Archivist Accepts Watergate Tape Panel Recommendations
Press Release · Thursday, May 8, 2003
Archivist of the United States John W. Carlin announced today that he has accepted the recommendations in the final report of the National Archives Technical Evaluation Panel. The panel was created in 2001 to determine whether current advancements in the field of forensic audio technology could recapture sound from the famous "18 ½ minute gap" (Tape 342) in the Nixon White House tape recordings. Based on the results of two tests that were conducted by participants in an open-invitation proof-of-concept exercise, Mr. Carlin decided not to proceed with further testing.
The two-phase testing procedure sought qualified participants to attempt to recover intelligible audio from erased 1/4-inch analog open reel test tapes developed by the National Archives. The purpose of these tests was to determine if technology exists to recover intelligible audio from erased 1/4-inch magnetic tape with out damaging the tape. Five individuals or companies participated in the tests which consisted of two test tapes recorded on an original Nixon White House Sony 800B tape recorder, then erased on Rosemary Woods' UHER 5000. The UHER 5000 was determined by the Advisory Panel to Judge John Sirica in 1974 to be the machine that actually erased the 18 ½-minute portion of Tape 342.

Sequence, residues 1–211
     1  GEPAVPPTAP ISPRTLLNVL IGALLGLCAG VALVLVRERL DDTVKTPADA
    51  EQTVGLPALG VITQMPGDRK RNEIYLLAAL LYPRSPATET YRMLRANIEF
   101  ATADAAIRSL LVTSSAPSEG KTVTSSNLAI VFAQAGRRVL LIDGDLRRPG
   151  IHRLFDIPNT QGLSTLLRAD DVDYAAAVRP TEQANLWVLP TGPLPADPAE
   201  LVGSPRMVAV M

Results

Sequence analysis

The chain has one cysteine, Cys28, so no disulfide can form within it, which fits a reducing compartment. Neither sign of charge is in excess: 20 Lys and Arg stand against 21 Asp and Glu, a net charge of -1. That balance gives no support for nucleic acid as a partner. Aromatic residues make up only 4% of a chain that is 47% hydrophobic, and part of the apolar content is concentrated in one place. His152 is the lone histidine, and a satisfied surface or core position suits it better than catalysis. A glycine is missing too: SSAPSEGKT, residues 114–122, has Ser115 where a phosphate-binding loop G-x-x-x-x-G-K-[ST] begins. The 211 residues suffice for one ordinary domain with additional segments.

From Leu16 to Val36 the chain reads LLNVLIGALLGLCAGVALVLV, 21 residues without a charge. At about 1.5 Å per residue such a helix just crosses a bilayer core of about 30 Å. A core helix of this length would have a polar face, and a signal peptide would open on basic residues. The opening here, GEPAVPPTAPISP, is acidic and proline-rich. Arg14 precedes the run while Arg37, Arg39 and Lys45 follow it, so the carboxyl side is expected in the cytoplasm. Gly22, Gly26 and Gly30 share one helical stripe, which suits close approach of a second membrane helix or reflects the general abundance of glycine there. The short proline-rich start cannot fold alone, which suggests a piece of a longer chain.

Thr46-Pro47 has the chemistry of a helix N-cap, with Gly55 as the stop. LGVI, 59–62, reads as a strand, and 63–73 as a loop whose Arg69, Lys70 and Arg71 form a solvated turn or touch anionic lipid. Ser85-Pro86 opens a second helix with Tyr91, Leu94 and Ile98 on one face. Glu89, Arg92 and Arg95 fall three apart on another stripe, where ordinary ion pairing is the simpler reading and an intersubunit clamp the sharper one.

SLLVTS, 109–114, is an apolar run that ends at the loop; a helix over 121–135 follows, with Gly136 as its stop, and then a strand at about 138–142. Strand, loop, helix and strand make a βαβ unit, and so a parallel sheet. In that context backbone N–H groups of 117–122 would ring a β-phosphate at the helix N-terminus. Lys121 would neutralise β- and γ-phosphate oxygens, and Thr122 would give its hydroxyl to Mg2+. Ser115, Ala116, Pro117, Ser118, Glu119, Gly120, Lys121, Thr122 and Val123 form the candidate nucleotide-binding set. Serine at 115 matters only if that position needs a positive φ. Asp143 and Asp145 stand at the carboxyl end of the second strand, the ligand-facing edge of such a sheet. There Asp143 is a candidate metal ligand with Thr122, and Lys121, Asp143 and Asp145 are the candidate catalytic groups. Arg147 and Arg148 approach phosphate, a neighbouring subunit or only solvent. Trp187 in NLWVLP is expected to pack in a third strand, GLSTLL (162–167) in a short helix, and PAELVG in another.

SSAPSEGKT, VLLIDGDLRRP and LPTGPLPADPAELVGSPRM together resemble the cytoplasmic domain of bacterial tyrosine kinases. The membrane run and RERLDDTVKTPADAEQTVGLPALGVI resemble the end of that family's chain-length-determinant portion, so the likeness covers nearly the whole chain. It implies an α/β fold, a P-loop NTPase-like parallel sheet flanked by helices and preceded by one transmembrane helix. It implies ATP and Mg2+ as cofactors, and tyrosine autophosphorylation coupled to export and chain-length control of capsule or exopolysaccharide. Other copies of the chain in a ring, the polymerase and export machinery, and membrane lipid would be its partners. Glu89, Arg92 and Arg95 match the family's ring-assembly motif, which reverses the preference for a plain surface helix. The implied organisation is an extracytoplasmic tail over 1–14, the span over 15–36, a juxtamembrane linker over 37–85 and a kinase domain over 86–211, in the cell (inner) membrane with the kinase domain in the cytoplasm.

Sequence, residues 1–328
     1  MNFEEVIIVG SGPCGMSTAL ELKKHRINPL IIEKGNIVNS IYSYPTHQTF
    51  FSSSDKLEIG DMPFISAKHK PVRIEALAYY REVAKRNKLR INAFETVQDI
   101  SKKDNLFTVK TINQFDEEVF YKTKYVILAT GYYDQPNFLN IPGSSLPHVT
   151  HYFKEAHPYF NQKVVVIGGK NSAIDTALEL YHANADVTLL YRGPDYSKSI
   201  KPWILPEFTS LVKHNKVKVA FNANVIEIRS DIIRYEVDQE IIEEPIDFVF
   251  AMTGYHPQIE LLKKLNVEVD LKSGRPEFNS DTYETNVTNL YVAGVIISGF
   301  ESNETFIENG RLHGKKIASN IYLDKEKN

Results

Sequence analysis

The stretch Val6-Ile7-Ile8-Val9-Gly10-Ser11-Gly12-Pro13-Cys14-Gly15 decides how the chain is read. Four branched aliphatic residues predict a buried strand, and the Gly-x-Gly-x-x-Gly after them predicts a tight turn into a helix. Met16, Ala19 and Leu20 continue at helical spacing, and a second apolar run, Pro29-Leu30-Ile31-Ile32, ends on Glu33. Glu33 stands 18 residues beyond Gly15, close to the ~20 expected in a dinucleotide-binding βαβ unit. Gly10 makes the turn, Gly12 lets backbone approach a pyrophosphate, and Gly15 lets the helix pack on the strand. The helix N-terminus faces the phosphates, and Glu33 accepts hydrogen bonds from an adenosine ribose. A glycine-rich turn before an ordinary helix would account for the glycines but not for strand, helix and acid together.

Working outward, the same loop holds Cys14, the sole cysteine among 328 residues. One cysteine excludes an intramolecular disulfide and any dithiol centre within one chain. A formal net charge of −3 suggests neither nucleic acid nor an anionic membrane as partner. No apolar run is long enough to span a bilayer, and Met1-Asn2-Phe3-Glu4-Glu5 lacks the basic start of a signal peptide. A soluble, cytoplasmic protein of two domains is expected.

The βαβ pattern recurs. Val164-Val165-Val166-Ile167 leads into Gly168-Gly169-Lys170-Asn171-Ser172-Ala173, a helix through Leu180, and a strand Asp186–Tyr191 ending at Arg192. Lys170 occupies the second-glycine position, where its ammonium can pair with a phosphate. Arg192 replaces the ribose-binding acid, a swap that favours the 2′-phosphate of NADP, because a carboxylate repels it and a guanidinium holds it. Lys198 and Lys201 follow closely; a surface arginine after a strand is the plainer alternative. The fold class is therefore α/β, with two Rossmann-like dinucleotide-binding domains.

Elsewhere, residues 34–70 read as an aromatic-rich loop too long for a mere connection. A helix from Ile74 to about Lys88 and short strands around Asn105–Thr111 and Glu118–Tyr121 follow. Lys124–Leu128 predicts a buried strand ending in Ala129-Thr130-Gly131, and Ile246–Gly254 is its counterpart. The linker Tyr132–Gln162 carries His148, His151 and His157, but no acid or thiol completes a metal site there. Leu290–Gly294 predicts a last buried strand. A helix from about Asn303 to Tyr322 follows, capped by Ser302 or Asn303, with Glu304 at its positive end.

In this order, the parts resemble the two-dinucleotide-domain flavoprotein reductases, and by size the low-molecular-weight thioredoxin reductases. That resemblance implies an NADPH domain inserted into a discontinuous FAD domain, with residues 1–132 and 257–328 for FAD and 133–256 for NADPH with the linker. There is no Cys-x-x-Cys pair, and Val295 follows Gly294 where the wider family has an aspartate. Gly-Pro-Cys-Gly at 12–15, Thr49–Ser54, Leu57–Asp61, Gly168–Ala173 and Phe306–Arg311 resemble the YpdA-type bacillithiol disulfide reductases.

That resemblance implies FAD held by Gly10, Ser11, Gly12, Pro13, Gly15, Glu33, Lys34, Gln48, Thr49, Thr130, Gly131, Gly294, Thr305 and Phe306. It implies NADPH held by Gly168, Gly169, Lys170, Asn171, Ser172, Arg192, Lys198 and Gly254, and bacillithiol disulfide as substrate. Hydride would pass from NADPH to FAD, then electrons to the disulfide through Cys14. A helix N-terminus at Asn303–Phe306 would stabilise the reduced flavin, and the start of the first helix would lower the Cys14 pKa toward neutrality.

The first test tape which was distributed to participants on February 19, 2002, consisted of erased test tones and spoken word recorded as close to broadcast quality as was possible. Results included partial identification of test tones. There was no recovery of spoken word.
On August 28, 2002, the second test tape was sent to participants. This test tape was recorded using blank .5-millimeter tape confiscated from the Nixon White House. It was recorded and erased at 15/16 inches per second (IPS) and contained speech similar in quality to the speech before and after the 18 ½-minute gap on Tape 342. None of the participants recovered any intelligible audio from the second test tape.
In accepting the recommendations of the panel, Mr. Carlin said, " I am fully satisfied that we have explored all of the avenues to attempt to recover the sound on this tape. The candidates were highly qualified and used the latest technology in their pursuit. We will continue to preserve the tape in the hopes that later generations can try again to recover the this vital piece of our history."
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